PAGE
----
My complaints about the recastings in “Henry IV, Part 1” undermining the premise of this series – a unified production tackling Shakespeare’s English history plays in sequence – continue here as any impact James Purefoy as Thomas of Mowbray returning is defeated by Pip Torrens taking his place, unrecognisable as the same character except a line or two of easily-missed dialogue saying as much. Why is “Richard II” treated as the off-to-the-side disconnected entry in the series, when it’s so key to the characters, story, and themes in these later instalments?
On its own merits, to my mind this television film is worse than the preceding one, “Henry IV, Part 1”, which was already a step down from “Richard II”. However, a lot of that is due to the nature of the play it’s adapting, rather than any faults in the adaptation itself – the play lacks a strong villain, regresses many characters to the point where they basically just repeat their development in the climax of the preceding play in new ways, and the disparate and padded subplots don’t converge neatly as they did at the Battle of Shrewsbury.
The visuals, performances and general quality of the production are as strong as the last film. The score is also used more appropriately, not as overbearingly as it was used in “Henry IV, Part 1”. Hiddleston and Irons are excellent, particularly in their very powerful scenes together. Simon Russell Beale, playing Falstaff, is clearly a very skilled actor, and has even more to do here than in the last film, but I’m unsure of some of the broader directorial choices of the play regarding the character. Were his scenes intended to be so overwhelmingly melancholy? The two Henry IV plays abound with doubles and contrasts – Falstaff and Henry IV as alternate father figures for Hal, the Boar’s Head inn contrasting with Henry IV’s court, the stability of noble marriages contrasting with the breezy inconsistency of the prostitutes at the selfsame inn, the creative wit Hal hears from Falstaff contrasted with the sterile recitations of the nobles, and so on – so making Falstaff’s scenes so tonally similar to the rest of the dour play felt an odd choice to me, one that perhaps lessened the impact of the ending, where Hal’s position on the two worlds he’s lived in, the high and the low, comes to a head.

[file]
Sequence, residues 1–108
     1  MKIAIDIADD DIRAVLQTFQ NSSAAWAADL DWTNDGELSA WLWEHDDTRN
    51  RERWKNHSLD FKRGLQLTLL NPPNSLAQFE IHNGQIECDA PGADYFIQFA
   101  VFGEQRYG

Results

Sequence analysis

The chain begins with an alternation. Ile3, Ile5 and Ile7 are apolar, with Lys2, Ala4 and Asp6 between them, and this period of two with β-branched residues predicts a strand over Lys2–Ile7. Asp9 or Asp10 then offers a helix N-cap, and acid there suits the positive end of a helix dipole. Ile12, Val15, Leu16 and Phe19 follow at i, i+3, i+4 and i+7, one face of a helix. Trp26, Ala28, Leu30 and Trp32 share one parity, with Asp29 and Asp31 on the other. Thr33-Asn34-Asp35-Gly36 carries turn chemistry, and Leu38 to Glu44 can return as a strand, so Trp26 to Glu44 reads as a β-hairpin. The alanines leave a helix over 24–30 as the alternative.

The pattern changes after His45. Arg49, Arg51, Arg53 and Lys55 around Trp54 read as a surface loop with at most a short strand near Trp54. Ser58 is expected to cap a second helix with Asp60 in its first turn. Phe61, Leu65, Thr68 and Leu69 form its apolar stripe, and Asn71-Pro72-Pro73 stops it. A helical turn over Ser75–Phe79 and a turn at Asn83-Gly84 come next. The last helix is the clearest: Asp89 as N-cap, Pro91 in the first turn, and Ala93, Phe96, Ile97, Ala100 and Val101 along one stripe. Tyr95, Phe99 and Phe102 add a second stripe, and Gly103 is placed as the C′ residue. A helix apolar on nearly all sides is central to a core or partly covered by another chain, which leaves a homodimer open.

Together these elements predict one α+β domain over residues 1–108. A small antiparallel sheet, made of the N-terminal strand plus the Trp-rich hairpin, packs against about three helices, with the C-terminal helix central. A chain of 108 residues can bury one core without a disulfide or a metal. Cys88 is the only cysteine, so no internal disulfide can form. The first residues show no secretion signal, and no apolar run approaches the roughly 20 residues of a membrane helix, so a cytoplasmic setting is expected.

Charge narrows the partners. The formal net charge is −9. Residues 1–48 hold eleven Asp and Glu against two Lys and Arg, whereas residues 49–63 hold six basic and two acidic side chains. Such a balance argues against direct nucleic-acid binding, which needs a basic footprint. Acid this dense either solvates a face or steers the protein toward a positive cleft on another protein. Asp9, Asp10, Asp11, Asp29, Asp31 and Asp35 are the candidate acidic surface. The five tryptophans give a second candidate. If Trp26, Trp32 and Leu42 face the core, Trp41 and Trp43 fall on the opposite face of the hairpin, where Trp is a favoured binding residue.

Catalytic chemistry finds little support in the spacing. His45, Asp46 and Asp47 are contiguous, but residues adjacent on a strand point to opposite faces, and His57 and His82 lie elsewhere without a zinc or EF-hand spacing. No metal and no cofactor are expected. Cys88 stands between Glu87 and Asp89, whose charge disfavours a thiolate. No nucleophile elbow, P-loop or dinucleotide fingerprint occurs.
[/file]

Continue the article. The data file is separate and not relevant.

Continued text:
Perhaps I should just be happy that the preceding film displayed Falstaff’s joviality well, and instead of taking the use of Falstaff here as a missed opportunity to develop the contrasts established in the play, instead look on him comparatively to Henry IV. Both are sick, coming to terms with their age, both are father figures to Hal, and Hal’s very different treatments of them at the end of the play are the cornerstone of the whole piece. Maybe the overwhelmingly dour tone of this film was intended to immerse the viewers in the mindset of the three main characters (Henry IV, Hal, Falstaff), and keep up the promise of the title, “the Hollow Crown”, not just the arbitrariness of the monarchy but also the Pyrrhic victory that wearing the crown is. After all, “Henry IV, Part 2” is where Henry IV delivers his most famous line – “Uneasy lies the head that wears a crown” (often misquoted as “heavy lies the crown”) -, played excellently by Jeremy Irons here. Hal’s most potent realisation of that truth comes at the ending, played well by Tom Hiddleston, but Beale steals the show through his reaction.
This adaptation was less enjoyable than the preceding two, but much of that comes from the nature of the text it’s adapting, both in terms of the more dour tone, and sloppier content. Still, a powerful prestige adaptation led by many excellent performers. I give it three and a half bribes, and a thousand pounds.